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After taking a creative writing class as an elective during her undergraduate years, Hayley Bowen decided she wanted to change her major to English. Her mom de ella was a bit skeptical, Bowen said, as she expected her to go into medicine.
“I was like, ‘Mom, I am going to be a doctor… of philosophy in English literature,’” she said, and everyone in the room laughed.
Syracuse University’s creative writing department hosted a panel on Tuesday night for students who wanted to learn how to make a career as a writer. Panelists included English professors Bruce Smith and Dana Spiotta and creative writing professors Sarah Harwell, Christopher Kennedy and Matthew Grzecki.
Graduate students in the creative writing Master of Fine Arts program, including Bowen, Anthony Ornelaz, Jonah Evans and Angelo Hernandez-Sias, also provided their insight on what the next steps in writing education could be.
The panel spoke informally and candidly about both the struggles and rewards of pursuing a passion for writing. And if there’s one thing the speakers emphasized to the group, it’s that the path to becoming a writer is often not linear.
Smith, for example, was teaching at the federal penitentiary in Lewisburg, Pennsylvania, when he discovered what creative writing had to offer. He even called the prison his “alma mater” and his “alternate education” because it was so formative to his current passion for poetry.
“The life of the mind in general was important to people who were incarcerated, and that changed what I thought I wanted to do,” he said.
Spiotta’s journey to writing started with a simple phone call: she and her friend, interested in working for the literary magazine The Quarterly, which stopped publishing in 1995, called the listed number and were fortunate enough to speak to a famous editor, who offered them to job. Although she only made a few hundred dollars per month while living in New York City and had to work a second job as a waitress, Spiotta then had the chance to take a fiction class, where she found a community of writers to connect with her.
To all budding writers, Spiotta said not to focus on money or fame, but rather your passion for your craft.
“The thing you can control is the work… how hard you work at it and what you make it, so you have to make that the reward,” she said. “That’s the measure of success.”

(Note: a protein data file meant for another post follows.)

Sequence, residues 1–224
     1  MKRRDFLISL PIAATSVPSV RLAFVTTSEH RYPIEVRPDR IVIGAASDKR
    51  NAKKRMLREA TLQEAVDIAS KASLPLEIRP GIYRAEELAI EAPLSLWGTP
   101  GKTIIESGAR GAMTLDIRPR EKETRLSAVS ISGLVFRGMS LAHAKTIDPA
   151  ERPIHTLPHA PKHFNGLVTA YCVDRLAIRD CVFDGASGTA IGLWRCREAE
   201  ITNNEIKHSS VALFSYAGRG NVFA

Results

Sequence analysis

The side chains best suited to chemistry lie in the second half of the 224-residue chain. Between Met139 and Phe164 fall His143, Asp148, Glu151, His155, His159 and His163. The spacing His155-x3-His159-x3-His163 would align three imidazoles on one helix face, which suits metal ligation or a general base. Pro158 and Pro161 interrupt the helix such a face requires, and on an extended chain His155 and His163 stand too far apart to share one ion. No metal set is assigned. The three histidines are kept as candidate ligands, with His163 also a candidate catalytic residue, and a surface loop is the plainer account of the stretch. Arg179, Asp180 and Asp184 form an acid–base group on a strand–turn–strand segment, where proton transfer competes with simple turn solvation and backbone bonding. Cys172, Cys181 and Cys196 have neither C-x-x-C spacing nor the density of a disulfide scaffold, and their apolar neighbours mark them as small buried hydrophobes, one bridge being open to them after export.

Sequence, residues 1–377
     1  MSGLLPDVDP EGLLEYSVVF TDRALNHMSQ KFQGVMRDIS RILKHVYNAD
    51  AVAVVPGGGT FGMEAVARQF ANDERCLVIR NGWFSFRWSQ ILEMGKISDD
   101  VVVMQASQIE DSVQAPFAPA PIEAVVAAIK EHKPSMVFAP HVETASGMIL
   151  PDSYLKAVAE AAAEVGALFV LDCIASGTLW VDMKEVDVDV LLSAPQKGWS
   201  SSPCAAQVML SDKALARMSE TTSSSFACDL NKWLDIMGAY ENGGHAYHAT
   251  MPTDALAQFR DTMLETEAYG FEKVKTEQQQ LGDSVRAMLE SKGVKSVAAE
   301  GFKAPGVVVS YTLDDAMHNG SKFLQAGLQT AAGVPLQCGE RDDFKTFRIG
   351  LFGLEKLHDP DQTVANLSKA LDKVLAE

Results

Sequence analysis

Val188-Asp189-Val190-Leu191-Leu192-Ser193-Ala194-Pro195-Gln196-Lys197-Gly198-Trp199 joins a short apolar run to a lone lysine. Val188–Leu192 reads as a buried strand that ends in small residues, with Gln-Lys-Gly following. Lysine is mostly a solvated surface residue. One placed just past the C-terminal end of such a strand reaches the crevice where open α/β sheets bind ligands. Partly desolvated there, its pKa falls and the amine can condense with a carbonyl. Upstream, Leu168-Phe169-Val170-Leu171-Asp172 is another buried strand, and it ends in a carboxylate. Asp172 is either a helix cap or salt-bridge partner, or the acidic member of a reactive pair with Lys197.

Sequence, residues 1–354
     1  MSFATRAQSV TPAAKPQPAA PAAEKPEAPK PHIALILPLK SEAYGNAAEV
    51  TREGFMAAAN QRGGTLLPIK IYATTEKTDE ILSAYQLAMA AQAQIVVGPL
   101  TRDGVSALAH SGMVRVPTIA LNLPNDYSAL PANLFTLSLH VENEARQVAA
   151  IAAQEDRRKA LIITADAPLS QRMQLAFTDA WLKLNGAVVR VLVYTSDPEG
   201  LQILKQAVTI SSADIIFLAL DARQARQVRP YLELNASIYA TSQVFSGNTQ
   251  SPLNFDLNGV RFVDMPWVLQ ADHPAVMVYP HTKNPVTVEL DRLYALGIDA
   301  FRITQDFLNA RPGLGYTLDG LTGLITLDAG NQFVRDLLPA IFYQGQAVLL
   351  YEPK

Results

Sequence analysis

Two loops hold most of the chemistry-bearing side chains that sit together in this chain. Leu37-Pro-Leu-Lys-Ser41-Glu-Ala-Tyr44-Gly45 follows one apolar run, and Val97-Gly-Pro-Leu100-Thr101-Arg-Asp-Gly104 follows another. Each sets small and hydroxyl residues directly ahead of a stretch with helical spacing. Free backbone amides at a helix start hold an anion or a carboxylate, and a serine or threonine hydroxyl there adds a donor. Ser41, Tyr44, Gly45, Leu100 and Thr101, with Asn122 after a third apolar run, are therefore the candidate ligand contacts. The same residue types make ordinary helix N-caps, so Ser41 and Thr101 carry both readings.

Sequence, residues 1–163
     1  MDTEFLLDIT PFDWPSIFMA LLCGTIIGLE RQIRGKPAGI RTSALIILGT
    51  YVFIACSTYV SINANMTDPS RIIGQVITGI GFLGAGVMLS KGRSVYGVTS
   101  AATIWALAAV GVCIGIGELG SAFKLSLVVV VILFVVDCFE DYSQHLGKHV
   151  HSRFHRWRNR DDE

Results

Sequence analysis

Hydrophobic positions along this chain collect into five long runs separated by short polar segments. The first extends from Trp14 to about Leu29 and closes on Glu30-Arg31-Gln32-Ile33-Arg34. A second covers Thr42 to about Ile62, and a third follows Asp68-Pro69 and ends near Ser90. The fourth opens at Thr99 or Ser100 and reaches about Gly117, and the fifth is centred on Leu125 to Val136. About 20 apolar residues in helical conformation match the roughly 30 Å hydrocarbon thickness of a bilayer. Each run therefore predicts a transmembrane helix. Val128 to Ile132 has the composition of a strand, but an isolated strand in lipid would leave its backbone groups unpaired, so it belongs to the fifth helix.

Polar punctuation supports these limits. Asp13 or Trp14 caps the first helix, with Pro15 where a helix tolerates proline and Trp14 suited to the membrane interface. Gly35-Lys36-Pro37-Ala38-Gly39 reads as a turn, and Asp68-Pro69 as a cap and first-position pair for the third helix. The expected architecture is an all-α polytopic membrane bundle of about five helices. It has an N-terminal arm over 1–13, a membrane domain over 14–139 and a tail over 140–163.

All panelists highlighted the benefits of taking part in an MFA program after completing an undergraduate degree. Programs typically last from one to three years, and students have more agency with their time and classes, so there’s more time to write independently.
Arguably, what makes an MFA program the most attractive is the fact that most schools actually pay you to attend, Harwell said. This is possible because most graduate students work as teaching assistants. While some students at the event expressed that this made them a bit anxious, Kennedy reassured them that it’s nothing to be afraid of.
“I was terrified of being a teaching assistant… I dreaded public speaking of any kind,” he said. “And now it’s all I do.”
Because of the subjective nature of the industry — there’s no guarantee a publisher will like your work — all panelists agreed that if you want to be a writer, you need to have a second job for a reliable income. Recommendations included being an editor, professor, librarian and even waitressing; each has their own benefits when coupled with writing, panelists said.
Although editing and teaching stay within the literary field and offer a chance to strengthen your craft through practice, it can also be difficult to use that part of your brain so frequently, Spiotta said. But she wouldn’t discourage it either, because everyone has their own process. Similarly, she said, working in a completely separate field could allow you to funnel all your creative thinking into your writing.
A large part of being a writer is dealing with writer’s block, and students asked panelists what they do to combat it. Several professors talked about reading their favorite texts or ones that were most influential to their work — “being a writer teaches you to be a great reader, and the other way around,” Spiotta said — to give them further reasons to write.
Panelists recommended writers like Gwendolyn Brooks, Emily Dickinson and Kurt Vonnegut to draw inspiration from, or to even figure out what you might not want to do in your own writing.
“I would say, you don’t have to like what you’re reading to get something out of it,” Kennedy said.
Lastly, professors and graduate students alike talked about how important it is to have a circle of writers around you as you navigate your own process. At SU, a creative writing club called Write Out is available to both undergraduate and graduate students to bounce ideas off each other, develop pieces and even guide local children through creative writing.
At the end of the day, panelists agreed, it’s all about staying true to your passion of creating pieces that matter to you. Despite all the challenges and barriers to becoming a writer today, the rewards are immeasurable, they said.
“There’s no way I would stop doing it, because that’s how I make myself whole,” Spiotta said.
Published on March 31, 2022 at 1:09 am